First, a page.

Oh, I love Orangette, but I’ve never read her book. Heading to my library’s website right now …
Laura Ingalls Wilder food descriptions are the best. I loved her cookbook. I too would still read those books. Williams Sonoma Family Meals is a good one.
Alanna, I have vague memories of a Laura Ingalls Wilder cookbook but don’t think I’ve ever seen a copy. It sounds wonderful (remember sugar snow?). I wonder if it’s still in print? Heading now to investigate …
oh I was going to recommend A Homemade Life as well! you’ll love it, christie.
you know Beverly Nichols is a favorite of mine, but I’ve only read his garden memoirs (LOVE). i definitely need to get my hands on more of his books.
I too am a “food book” lover… Right now, I am reading At the Kitchen Table written by Greg Atkinson. The recipes are great and I love the cross-over of a professional chef that celebrates the craft of cooking simply at home. The recipes in A Homemade Life are great too, we are making the “Pink Cookies” for valentines day. 🙂
Thank you, Jessica! I’m adding Atkinson’s book to my growing list. Your comment reminded me that I recently read Blood, Bones, and Butter by Gabrielle Hamilton, a well-known chef in New York. I was blown away by the writing – definitely the most well written, literary food memoir I’ve ever read.
I loved your remark about head cheese. Lol! I recently put up a post about “My China” by Kylie Kwong, as my favorite sub-sub-genre of food books is travel/food books. Over the weekend I will be blogging about travel and cooking (and eating) on the Grand Trunk Road, which starts in Afghanistan and goes through Pakistan to India. I even made one of the recipes…it tasted great even if it was sort of…lumpy. :/.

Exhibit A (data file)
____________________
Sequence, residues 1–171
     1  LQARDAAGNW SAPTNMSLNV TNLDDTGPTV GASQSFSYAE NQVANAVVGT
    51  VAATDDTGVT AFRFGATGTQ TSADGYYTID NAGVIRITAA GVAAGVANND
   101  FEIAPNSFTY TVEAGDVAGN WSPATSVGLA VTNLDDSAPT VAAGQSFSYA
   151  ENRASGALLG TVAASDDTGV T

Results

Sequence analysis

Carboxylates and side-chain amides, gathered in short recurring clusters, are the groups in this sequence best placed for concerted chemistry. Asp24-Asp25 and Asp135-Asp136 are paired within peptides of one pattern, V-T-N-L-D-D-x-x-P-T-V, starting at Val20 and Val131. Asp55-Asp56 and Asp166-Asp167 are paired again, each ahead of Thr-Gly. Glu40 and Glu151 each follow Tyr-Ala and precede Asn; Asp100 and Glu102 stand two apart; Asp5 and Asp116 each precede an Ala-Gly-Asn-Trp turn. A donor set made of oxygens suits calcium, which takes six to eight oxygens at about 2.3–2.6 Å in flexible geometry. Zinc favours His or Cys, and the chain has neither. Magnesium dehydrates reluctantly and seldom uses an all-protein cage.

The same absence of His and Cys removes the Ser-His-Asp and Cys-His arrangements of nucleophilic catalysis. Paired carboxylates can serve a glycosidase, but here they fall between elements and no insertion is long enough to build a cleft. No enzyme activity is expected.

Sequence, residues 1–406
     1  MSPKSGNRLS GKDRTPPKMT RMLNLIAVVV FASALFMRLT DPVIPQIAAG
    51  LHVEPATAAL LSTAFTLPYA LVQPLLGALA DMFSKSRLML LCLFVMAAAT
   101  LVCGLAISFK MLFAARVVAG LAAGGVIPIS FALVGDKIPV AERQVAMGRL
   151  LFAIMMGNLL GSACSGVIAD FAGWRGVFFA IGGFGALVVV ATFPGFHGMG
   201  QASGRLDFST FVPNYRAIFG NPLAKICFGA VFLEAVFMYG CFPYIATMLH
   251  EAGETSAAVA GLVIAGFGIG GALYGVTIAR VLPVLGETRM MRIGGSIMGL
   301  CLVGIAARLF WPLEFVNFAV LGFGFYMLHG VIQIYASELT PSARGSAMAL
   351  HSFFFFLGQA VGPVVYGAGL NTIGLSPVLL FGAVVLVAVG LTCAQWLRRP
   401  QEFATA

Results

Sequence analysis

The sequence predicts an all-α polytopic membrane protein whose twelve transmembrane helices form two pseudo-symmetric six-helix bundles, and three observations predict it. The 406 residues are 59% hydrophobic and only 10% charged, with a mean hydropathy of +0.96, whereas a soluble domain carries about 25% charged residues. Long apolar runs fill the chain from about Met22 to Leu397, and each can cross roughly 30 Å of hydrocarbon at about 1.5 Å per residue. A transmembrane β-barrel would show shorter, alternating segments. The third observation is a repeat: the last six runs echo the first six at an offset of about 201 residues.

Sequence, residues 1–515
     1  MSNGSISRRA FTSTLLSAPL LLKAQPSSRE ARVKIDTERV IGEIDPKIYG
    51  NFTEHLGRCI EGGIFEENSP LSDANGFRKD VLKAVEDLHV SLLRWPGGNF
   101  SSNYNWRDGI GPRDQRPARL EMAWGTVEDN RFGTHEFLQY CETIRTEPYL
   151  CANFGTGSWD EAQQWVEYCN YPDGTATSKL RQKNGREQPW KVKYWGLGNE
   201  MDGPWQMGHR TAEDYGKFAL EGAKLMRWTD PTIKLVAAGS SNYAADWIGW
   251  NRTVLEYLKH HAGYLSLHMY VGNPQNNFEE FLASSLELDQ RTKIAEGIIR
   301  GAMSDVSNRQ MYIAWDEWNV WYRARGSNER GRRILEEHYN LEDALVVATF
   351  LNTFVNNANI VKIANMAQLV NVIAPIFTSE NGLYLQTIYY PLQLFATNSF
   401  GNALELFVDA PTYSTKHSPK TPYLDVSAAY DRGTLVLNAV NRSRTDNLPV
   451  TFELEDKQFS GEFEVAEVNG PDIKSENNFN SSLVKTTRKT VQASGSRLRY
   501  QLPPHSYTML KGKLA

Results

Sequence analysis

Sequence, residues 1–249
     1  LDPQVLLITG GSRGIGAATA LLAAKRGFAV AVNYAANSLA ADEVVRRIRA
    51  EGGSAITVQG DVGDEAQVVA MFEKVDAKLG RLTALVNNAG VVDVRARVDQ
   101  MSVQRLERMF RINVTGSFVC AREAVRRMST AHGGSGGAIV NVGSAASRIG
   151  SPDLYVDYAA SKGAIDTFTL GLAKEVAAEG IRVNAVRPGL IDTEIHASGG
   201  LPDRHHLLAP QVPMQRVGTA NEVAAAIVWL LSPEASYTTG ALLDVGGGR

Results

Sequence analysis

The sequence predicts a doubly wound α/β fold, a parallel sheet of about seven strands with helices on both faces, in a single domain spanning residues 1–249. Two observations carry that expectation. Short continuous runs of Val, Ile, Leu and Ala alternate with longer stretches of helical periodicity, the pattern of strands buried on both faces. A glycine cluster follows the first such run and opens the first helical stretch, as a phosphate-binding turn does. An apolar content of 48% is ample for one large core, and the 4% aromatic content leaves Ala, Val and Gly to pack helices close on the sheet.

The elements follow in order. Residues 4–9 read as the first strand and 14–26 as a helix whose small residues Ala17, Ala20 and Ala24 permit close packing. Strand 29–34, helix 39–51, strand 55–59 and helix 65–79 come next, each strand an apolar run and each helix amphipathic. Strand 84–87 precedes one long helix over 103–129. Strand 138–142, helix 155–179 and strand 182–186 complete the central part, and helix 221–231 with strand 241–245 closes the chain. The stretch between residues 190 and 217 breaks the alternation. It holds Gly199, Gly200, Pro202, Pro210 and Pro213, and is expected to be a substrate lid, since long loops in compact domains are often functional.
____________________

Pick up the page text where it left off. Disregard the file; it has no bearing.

I hadn’t heard of My China. I’ll be sure to check it out. I, too, love travel food books.
Christie, as your husband could attest (from my facebook entries) that I enjoy food and enjoy reading and collecting cookbooks just as much as I enjoy eating! I, too, read them like novels. You might enjoy Susan Branch’s cookbooks – she completely handwrites all her books and each page is a celebration of the food by way of quotes, family stores and such. Her watercolor illustrations are charming – and the recipes are very tasty (at least the ones that I’ve tried)!
I know I’ve mentioned this to JP, (but don’t know if he’s ever passed along to you) how much I enjoy your “voice.” Something he posted on fb led me to your blog and I’ve enjoyed reading it ever since. Thank you for sharing your talent and thoughts with the internet world. I certainly look forward to reading your blog when time allows!
Lynn, I’m so glad you stopped by and left a comment! It’s great to hear from you and great to know that you enjoy this blog. I can’t wait to check out Susan Branch’s cookbooks. They sound ideal. I may use my Joy of Cooking when I need a specific how-to, but I will always be happiest when cooking a recipe that has been illustrated and, even better, shared with a story or memory. Food is just better when paired with stories and pictures.
Hi! I just got the book you mention here, The Margaret Rudkin Pepperidge Farm Cookbook, 1965 edition, today at a book sale for $3! I collect cookbooks and am so excited to have this among some other great finds. Just wondering if you noticed in your copy of the book if any pages are upside down. I have pages 127-150 printed (or bound) upside down in the book. I think it makes it even more special, even though I know it’s just a publisher/printing issue. Is your copy the same? Thanks!